The mosque, six kilometres east of Qom, has long been a sacred place, at least since 373 A.H., 17th of Ramadan (22 February 984 C.E.), when according to the mosque website, one Sheikh Hassan ibn Muthlih Jamkarani is reported to have met Muhammad al-Mahdi along with the prophet Al-Khidr. Jamkarani was instructed that the land they were on was "noble" and that the owner — Hasan bin Muslim — was to cease cultivating it and finance the building of a mosque on it from the earnings he had accumulated from farming the land.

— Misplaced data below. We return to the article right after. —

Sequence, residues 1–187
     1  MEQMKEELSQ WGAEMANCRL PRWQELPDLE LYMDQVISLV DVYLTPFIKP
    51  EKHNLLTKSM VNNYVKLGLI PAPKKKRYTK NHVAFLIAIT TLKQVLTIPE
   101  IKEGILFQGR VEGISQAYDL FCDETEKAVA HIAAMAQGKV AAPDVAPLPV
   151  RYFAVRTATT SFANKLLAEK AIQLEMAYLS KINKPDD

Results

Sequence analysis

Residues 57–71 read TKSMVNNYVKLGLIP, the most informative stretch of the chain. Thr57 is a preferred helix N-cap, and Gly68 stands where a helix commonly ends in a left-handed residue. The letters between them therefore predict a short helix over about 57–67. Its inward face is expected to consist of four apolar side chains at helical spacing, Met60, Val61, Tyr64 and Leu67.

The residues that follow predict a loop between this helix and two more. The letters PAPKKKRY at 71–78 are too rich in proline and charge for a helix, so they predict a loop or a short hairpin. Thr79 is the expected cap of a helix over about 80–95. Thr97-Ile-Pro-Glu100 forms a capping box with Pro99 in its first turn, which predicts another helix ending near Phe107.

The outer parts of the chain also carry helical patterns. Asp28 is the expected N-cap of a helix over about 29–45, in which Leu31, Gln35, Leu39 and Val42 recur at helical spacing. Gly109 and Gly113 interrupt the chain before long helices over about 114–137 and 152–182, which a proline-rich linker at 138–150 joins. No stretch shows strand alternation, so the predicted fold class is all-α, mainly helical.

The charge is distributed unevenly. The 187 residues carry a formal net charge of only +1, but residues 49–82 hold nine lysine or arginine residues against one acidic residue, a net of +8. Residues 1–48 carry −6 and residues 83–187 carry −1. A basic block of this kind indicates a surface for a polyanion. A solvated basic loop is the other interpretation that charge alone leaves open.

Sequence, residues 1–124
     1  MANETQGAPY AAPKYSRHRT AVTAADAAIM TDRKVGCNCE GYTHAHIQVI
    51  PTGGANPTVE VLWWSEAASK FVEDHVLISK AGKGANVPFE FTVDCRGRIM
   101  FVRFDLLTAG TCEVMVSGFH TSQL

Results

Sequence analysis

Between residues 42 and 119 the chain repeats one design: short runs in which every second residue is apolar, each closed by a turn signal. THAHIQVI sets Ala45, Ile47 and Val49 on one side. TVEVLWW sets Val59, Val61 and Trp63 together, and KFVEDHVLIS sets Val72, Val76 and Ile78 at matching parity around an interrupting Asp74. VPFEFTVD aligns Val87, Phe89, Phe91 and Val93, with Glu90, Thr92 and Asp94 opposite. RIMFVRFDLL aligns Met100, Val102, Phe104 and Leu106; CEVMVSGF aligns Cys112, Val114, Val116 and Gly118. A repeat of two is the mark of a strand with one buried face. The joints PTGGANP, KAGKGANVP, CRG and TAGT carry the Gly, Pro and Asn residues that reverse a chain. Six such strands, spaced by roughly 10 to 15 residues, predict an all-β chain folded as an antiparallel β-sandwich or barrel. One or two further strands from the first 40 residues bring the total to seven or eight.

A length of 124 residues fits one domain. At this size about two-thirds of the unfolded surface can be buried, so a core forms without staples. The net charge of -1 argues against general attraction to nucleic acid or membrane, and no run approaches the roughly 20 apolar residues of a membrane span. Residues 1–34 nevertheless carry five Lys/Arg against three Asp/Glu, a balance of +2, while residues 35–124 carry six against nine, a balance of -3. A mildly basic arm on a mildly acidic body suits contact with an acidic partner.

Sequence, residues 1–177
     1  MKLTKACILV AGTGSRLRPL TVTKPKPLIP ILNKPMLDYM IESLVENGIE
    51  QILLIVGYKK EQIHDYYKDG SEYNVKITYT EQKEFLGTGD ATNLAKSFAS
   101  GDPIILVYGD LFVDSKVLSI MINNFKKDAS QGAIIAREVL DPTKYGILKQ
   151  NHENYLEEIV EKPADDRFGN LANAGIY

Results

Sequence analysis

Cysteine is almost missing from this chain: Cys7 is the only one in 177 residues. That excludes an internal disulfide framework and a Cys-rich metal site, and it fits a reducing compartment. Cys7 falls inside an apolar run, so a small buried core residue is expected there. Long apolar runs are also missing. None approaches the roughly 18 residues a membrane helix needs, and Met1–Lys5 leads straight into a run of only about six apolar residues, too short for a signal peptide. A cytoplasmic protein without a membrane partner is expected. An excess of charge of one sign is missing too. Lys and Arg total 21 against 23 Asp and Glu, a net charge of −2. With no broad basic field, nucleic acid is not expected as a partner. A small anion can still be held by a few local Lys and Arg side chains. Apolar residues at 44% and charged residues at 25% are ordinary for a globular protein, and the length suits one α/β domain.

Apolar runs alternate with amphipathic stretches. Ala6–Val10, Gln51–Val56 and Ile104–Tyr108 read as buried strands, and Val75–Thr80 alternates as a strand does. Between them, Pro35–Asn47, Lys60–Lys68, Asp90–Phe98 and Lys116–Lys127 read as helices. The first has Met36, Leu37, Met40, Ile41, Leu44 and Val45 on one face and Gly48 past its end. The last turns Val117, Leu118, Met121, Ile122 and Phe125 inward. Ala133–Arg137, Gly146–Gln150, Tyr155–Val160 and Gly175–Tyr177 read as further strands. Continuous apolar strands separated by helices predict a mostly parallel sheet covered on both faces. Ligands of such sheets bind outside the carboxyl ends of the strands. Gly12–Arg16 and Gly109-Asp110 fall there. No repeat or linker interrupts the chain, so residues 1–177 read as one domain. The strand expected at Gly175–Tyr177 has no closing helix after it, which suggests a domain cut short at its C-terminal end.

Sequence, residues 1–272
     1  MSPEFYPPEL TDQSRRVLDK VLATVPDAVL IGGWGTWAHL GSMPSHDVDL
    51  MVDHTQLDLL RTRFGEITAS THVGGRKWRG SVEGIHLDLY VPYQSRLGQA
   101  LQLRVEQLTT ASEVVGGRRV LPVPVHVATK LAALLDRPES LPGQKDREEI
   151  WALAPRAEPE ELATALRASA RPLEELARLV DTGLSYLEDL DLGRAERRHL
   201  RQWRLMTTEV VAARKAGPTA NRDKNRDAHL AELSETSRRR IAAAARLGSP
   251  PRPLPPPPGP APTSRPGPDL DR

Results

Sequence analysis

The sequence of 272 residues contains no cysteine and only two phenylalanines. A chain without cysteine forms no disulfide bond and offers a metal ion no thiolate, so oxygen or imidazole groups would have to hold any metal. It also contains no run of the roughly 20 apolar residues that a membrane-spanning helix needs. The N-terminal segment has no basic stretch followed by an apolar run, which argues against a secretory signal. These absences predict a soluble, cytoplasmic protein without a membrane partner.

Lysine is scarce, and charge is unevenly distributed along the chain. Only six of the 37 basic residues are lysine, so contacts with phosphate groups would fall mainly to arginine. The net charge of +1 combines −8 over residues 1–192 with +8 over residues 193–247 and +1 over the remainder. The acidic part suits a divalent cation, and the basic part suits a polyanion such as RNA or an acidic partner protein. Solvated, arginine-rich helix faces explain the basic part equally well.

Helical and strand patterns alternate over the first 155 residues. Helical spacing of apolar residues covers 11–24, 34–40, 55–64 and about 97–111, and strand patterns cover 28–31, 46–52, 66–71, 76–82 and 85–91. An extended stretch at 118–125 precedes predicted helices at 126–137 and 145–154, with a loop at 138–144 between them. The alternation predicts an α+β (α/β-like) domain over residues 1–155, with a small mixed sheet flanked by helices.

In the late 20th century, the mosque's reputation spread, and many pilgrims, particularly young people, began to come to it. In the rear of the mosque there is a "well of requests" where it is believed the Twelfth Imam once "became miraculously unhidden for a brief shining moment of loving communion with his Creator." Pilgrims tie small strings in a knot around the grids covering the holy well, which they hope will be received by the Imam Mahdi. Every morning custodians cut off the strings from the previous day.